Credit cards are so readily available nowadays that some may consider them a staple for everyday living. Practically everyone from teenagers to the elderly has a credit card of some type. A particularly targeted group is college students.
Credit card companies have changed their marketing strategy over the years, electing to go after young consumers instead of targeting individuals who have already established credit. Credit card companies are usually eager to sign up college students despite nonexistent credit histories because it builds brand loyalty, as they will more than likely become a customer for life.
This form of relatively easy credit can be intriguing for students, but can also put those who are not financially savvy in a scary position. If used responsibly, student credit cards can be used as a building block for better credit. On the other hand, if you get the wrong card, or you use it without proper discretion, a credit card could be the beginning of the end for your credit rating.
Pros of a Student Credit Card
Student credit cards are designed for those with little to no credit, so they can be a good place to get your foot in the door when it comes to building and establishing credit. This could be beneficial because the earlier you start building your credit, the better it will be. This may also lead to better rates on home and vehicle purchases once you get out of college.
If used wisely, credit cards are not a terrible thing to own. Student credit cards can provide a financial cushion for educational and personal needs when you’re away at college. This makes it nice knowing you won't have to worry about needing cash in an emergency situation. They give students the ability to purchase supplies, textbooks, food, and anything else they may need while away from home. Knowing that you have the means to pay for what you need in school is one of the major advantages of having a credit card in college.
Cons of a Student Credit Card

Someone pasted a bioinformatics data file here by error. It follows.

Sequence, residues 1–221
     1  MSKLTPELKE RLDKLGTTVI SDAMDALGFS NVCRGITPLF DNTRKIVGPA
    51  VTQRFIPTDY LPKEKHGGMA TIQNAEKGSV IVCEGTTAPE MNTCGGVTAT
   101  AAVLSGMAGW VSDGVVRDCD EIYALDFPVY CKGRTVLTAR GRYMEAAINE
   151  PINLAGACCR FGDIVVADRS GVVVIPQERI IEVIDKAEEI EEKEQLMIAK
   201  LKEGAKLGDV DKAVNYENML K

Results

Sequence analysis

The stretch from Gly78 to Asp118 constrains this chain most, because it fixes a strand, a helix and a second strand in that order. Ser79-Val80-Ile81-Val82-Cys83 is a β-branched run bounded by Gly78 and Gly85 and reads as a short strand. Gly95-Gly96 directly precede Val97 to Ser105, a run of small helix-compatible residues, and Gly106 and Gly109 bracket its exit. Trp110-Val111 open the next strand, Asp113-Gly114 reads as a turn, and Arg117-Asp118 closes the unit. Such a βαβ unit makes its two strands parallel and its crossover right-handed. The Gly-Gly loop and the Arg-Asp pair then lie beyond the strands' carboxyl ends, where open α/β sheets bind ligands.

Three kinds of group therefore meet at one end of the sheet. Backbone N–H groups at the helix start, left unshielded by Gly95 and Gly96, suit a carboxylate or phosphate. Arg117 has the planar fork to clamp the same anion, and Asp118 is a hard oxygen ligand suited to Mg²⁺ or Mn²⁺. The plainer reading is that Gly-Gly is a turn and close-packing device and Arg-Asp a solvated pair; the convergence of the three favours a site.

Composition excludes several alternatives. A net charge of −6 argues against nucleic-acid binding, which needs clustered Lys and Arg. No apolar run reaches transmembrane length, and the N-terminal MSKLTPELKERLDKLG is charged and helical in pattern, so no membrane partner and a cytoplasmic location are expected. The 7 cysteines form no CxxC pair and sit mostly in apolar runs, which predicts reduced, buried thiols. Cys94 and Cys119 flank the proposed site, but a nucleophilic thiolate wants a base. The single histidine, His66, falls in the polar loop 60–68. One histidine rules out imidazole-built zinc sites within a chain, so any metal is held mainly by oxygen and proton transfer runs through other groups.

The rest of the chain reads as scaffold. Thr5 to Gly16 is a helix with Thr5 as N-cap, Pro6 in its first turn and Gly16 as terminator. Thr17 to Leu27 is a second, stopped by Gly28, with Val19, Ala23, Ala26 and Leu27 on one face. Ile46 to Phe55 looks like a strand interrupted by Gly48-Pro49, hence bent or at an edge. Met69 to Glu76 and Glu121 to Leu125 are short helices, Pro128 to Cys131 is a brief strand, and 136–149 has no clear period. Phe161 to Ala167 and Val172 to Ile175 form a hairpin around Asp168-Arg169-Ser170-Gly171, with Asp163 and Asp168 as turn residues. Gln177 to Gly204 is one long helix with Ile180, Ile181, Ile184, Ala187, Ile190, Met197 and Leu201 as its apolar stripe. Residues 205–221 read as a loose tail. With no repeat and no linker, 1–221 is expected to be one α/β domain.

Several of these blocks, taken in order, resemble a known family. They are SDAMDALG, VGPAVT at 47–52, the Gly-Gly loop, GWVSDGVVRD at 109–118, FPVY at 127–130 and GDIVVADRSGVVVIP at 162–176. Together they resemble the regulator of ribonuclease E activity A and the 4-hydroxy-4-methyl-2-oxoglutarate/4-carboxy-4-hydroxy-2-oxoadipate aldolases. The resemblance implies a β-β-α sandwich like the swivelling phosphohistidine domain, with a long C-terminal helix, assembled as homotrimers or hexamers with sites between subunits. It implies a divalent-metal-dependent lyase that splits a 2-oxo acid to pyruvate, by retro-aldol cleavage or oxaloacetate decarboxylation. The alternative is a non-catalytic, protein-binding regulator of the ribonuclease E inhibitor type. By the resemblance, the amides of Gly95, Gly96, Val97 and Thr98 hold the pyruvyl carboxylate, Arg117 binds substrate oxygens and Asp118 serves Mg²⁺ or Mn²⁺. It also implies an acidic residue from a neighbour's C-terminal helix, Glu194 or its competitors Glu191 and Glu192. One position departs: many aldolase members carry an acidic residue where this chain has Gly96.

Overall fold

While student credit cards can be useful to have to help pay for textbooks and other costs that arise, they can also become your own worst enemy.
Potential for Abuse
Many college students do not fully understand the workings of a credit card. Having money on hand is great at that particular moment, but things can add up quickly if you aren't keeping track. When you are hit with the bill, it can be eye-opening how much you can actually spend in a short period of time. If this happens, and you can’t make the payment, the credit card company will report you as being delinquent. This will show up on your credit history and make it more difficult to receive credit once you have finished college and are ready to begin your adult life.
Why get a student credit card?
Build and Establish Credit
Establishing credit can be a very difficult task at a young age—you need to start somewhere. It's important to start getting your credit score up as early as possible. Without a decent credit score it is difficult to get a car, house, or any other expensive item you wish to purchase on credit. With established credit history, your chances of being approved for a loan are much higher and you will receive better terms.
Credit cards make sense to use as a fallback plan in case you do not have the cash needed and emergency situations arise. For example, you are about to start a new semester and don’t have the cash to pay for textbooks. Not having the textbook could lead you to fall behind on your studies but if you have a credit card, you could avoid the hassle and simply purchase the book on credit.
How to Choose the Right Student Credit Card